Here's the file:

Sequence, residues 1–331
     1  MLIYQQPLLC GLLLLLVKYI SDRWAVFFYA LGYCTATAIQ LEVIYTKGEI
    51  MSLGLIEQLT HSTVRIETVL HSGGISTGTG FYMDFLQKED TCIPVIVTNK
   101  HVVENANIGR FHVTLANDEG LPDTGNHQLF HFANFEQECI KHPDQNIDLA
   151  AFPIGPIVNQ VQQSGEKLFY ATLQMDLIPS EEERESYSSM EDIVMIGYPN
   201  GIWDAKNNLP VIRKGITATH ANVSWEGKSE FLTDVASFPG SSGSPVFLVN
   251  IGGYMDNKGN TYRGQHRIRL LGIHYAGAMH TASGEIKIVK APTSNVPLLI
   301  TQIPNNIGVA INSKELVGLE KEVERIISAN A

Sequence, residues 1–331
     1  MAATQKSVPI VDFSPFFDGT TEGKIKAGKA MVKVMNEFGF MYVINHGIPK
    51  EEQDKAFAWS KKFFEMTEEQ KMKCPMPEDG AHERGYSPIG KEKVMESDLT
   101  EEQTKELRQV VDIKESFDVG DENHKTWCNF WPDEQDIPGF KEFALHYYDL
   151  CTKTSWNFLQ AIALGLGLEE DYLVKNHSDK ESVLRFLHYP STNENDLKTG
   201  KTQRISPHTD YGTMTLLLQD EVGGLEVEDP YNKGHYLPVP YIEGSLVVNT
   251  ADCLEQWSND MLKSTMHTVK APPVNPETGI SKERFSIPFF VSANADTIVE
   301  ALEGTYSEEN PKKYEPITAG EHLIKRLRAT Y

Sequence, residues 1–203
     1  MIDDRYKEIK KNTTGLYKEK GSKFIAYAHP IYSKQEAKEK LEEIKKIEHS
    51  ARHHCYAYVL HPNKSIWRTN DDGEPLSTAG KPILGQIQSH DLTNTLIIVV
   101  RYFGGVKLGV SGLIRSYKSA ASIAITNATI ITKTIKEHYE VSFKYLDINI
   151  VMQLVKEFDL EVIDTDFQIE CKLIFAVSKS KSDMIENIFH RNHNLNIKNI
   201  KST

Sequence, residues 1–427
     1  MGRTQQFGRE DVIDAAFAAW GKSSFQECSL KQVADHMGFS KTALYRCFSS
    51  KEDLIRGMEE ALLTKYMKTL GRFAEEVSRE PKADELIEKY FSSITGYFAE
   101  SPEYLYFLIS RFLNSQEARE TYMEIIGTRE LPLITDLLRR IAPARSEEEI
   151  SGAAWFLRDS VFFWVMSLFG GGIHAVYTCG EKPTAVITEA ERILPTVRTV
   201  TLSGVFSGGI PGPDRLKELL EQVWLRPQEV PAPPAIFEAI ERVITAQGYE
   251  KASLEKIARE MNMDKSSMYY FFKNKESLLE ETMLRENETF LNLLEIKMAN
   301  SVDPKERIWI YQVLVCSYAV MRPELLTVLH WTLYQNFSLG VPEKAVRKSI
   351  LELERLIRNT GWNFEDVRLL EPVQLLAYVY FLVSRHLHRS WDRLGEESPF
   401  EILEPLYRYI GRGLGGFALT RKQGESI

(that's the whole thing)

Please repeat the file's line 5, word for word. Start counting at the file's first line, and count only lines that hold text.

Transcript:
   151  AFPIGPIVNQ VQQSGEKLFY ATLQMDLIPS EEERESYSSM EDIVMIGYPN